31 May

Kentucky Humanities to Celebrate 50th Anniversary at the Louisville Free Public Library

To celebrate its 50th anniversary, Kentucky Humanities, in partnership with the Kentucky Tourism, Arts, and Heritage Cabinet and the Louisville Free Public Library, will host Louisville’s own musical group Linkin’ Bridge in conversation with inspirational speaker and humanities scholar Aminata Cairo on Friday, July 15th at 6:30 p.m. (EDT). The group will discuss storytelling through song and the lessons we learn from each other’s stories in a world that is often fraught with division.


The event will be held at the Downtown Branch of the Louisville Free Public Library, 301 York Street in Louisville, and with reservation is free to the public. 


Linkin’ Bridge, the popular Louisville quintet who found fame on the 11th season of NBC's America’s Got Talent, are best known for their warm harmonies and emotional performances which are driven by their passion for music. The group is comprised of Montre Davis, Shon "China" Lacy, Ralph "Big Rome" Kimbrough, James Crawford III, and beatboxer, Raul Lopez. The group’s mission: to spread peace, love, and joy to all who will receive it. Linkin' Bridge is the bridge that links people together through music.


Aminata Cairo is a storyteller, scholar, and sought-after speaker and consultant on diversity and inclusion issues. She holds many titles including mother, daughter, sister, and Lector of African descent in the Applied University system in the Netherlands. She engages people, communities, and organizations to implement positive change and communicate the message that every story has value.


“We could not have a state-wide 50th anniversary celebration without a visit to Louisville,” said Kentucky Humanities Executive Director Bill Goodman. “Kentucky Humanities is always excited to partner with the many outstanding libraries throughout Kentucky and we are thrilled to bring this event to the Downtown Branch. We look forward to an evening that will include important conversations through the lens of music and storytelling.”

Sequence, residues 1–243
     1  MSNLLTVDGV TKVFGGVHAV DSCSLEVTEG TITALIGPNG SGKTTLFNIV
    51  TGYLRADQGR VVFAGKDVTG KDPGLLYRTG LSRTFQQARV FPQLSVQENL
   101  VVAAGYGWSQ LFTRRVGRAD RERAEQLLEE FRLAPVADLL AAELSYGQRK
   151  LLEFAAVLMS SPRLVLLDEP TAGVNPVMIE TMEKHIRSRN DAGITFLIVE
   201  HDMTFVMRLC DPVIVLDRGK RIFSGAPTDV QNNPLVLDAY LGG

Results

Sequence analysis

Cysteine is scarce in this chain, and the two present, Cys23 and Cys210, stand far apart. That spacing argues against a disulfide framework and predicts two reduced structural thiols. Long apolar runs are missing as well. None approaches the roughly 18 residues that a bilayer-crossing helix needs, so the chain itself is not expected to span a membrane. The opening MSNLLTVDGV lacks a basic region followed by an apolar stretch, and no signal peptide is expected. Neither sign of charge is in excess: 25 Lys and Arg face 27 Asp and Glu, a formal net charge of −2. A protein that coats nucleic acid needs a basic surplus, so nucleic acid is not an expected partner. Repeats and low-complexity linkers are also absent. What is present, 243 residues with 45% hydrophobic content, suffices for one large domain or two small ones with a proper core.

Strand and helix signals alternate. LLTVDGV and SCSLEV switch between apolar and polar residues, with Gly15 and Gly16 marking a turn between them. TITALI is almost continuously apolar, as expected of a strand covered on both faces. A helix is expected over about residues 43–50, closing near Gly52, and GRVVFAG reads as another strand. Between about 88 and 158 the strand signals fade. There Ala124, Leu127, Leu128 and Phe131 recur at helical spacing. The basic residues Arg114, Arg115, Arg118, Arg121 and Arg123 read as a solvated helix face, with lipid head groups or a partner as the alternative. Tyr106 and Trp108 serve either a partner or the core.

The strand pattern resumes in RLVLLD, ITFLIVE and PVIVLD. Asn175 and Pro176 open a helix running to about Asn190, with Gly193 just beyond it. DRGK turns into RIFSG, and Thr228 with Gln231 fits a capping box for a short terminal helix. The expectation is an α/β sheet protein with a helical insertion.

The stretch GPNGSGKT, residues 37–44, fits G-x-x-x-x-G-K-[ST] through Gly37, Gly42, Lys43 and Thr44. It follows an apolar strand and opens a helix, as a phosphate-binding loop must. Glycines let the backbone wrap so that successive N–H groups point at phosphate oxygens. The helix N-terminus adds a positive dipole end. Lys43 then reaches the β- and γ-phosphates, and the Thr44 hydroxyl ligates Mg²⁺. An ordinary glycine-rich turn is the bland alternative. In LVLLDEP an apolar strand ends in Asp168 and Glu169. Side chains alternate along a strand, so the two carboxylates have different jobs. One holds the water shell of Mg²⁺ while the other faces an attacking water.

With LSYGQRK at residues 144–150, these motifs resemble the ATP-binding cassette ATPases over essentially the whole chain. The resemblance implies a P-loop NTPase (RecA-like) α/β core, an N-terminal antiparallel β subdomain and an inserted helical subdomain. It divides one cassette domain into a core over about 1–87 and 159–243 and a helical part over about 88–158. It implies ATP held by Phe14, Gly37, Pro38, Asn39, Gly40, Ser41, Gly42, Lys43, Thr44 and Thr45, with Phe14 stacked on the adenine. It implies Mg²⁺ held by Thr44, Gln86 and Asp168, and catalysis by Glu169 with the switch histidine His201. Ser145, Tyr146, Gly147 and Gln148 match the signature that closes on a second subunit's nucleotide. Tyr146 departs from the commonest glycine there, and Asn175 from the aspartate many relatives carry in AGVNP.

Since 1972, Kentucky Humanities has provided the Commonwealth with programs and services that create a legacy of pride in the wealth of Kentucky culture, build civic engagement and support local humanities events. Kentucky Humanities has invested more than $16 million in public programs for Kentuckians and the organization has provided funding for more than 18,000 public humanities programs that are held in familiar community settings and reach every corner of the Commonwealth.


Kentucky Humanities programs and services include Kentucky Chautauqua®, Prime Time Family Reading®, grants for community events/projects, Museum on Main Street, Kentucky Reads, Kentucky Humanities magazine, Speakers Bureau, Think Humanities podcast, Think History radio segments, the Kentucky Book Festival, and KBF School Days.


A year-long celebration is planned to commemorate Kentucky Humanities’ 50th Anniversary including six regional public events, 50 Faces of the Humanities videos revealed each week, special issues of Kentucky Humanities magazine, and Instagram takeovers by humanities students at Kentucky colleges and universities.


This event, and all Kentucky Humanities’ 50th Anniversary events, are free and open to the public, but registration is required. Visit to register. Registration for Harmonizing Stories opens on Wednesday, June 1st.